We are currently renting the house we live in. So I think our best bet would be to get these chickens back to healthy, keep them for eggs, and then when we move, we can cull the birds (we bought a dual purpose breed for a reason [​IMG] ) instead of moving them with us. Then we can start over at our new place. [​IMG] I am interested in getting a few of several types of birds so I can see for myself what the different breeds are like (even some non-chicken breeds) so I for sure would rather start over w/ healthy stock than keep these birds and risk infecting any new ones.

    Actually, I was just thinking, my son's Kindergarten class at his private school is planning on getting chickens very soon. Maybe I will cull them sooner rather than later so they don't spread it there. I am sure we have already tracked it there, considering my son wears the same shoes in our back yard and there. Do you have any idea how long the bacteria will live in their grass? Until it rains? Several weeks? I want to make sure and tell them to hold off on getting their chicks until it's safe. Their coop is set up, and I saw a bag of chick starter, so I'm thinking they were planning on doing it very soon. [​IMG] There is also another family there who have been a great help to me who have chickens. I feel so bad that I have probably exposed them, too, through our shoes. I have had these chickens for 7 days today, I had no idea I could be passing on their sickness just by wearing the same shoes in my yard to other places. [​IMG]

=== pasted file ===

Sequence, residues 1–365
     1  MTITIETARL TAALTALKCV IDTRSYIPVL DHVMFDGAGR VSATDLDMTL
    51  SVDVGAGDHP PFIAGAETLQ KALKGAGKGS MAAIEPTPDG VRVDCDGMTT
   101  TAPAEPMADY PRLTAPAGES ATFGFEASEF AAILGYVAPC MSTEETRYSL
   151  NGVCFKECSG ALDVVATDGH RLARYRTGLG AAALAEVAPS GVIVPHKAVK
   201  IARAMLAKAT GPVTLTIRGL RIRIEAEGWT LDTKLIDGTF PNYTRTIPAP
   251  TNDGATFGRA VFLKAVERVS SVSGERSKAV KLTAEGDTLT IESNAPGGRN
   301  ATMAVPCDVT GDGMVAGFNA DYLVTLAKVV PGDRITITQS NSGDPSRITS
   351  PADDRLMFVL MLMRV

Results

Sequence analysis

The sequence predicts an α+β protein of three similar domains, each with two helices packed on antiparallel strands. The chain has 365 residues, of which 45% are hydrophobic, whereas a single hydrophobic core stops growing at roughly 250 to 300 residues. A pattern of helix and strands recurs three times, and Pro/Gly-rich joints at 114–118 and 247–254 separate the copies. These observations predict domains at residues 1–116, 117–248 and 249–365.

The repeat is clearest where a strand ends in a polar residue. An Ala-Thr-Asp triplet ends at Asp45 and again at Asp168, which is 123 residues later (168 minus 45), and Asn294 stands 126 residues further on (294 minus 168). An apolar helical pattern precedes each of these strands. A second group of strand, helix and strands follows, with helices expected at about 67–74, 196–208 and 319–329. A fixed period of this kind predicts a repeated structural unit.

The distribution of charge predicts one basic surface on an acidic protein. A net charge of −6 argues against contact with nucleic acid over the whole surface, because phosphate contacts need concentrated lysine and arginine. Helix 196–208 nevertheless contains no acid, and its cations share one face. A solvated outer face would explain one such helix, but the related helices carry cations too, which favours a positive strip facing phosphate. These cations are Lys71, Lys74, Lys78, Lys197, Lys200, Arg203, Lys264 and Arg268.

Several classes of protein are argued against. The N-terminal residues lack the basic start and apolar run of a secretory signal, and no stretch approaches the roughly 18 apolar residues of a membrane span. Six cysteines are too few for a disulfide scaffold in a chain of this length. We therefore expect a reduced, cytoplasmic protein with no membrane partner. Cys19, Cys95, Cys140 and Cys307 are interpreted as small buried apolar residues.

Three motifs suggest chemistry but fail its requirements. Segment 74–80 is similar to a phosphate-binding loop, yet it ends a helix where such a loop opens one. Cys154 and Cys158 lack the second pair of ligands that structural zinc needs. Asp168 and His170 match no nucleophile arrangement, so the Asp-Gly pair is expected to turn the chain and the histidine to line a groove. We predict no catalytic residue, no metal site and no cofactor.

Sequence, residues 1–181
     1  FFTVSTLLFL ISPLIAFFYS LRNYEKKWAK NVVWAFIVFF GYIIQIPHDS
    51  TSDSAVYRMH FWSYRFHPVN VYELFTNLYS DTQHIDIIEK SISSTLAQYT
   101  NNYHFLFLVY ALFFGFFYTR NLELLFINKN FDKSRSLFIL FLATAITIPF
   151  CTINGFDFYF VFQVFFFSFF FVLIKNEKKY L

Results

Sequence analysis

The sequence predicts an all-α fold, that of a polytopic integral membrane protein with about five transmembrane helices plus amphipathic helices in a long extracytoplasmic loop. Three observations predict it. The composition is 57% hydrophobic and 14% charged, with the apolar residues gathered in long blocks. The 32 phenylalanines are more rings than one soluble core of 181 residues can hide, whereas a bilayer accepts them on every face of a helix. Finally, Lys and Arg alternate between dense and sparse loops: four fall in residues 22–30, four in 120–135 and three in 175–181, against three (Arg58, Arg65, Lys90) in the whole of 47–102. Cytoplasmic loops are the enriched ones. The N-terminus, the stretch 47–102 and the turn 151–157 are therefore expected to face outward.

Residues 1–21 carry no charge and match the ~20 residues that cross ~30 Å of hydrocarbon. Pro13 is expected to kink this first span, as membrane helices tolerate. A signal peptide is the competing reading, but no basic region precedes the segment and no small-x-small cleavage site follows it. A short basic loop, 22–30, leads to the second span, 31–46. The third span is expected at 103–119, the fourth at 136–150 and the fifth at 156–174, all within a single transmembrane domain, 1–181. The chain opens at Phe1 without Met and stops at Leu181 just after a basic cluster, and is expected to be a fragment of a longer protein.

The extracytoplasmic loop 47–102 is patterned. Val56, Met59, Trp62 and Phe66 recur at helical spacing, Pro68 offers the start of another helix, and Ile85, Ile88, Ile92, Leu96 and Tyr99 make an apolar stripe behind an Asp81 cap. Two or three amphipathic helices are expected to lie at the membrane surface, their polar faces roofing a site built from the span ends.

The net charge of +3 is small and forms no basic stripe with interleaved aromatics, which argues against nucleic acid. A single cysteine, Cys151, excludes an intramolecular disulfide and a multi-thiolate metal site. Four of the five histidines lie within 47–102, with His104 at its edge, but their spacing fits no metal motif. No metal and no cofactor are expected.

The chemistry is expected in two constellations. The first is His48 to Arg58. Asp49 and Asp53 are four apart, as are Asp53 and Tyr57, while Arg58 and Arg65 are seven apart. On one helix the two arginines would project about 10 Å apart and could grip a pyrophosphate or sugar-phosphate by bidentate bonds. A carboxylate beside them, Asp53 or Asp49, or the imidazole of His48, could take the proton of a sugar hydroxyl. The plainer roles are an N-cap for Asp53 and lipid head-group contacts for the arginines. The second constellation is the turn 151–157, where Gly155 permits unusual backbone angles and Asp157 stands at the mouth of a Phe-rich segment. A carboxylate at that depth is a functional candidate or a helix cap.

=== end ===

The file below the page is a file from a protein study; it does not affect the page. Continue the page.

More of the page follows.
5. mama24

    mama24 Chillin' With My Peeps

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    Oh, btw, I have been in contact with someone at the NC Dept of Agriculture. MG is a reportable disease in NC and they will destroy any birds found having it. So I may not have a choice in keeping our chickens. A veterinary pathologist answered my email yesterday (I emailed Wed or Thurs to ask about testing for suspected poultry diseases) and I called and left him a message. His secretary said he was extremely busy in necropsy that day, so I guess that's why he didn't call me back (OK, I know I'm really odd, but I would LOVE that job! rofl. I have a degree in chemistry. Wish I'd gotten better grades so I could go to vet school.) Anyway, hopefully he'll get back to me and advise me what to do.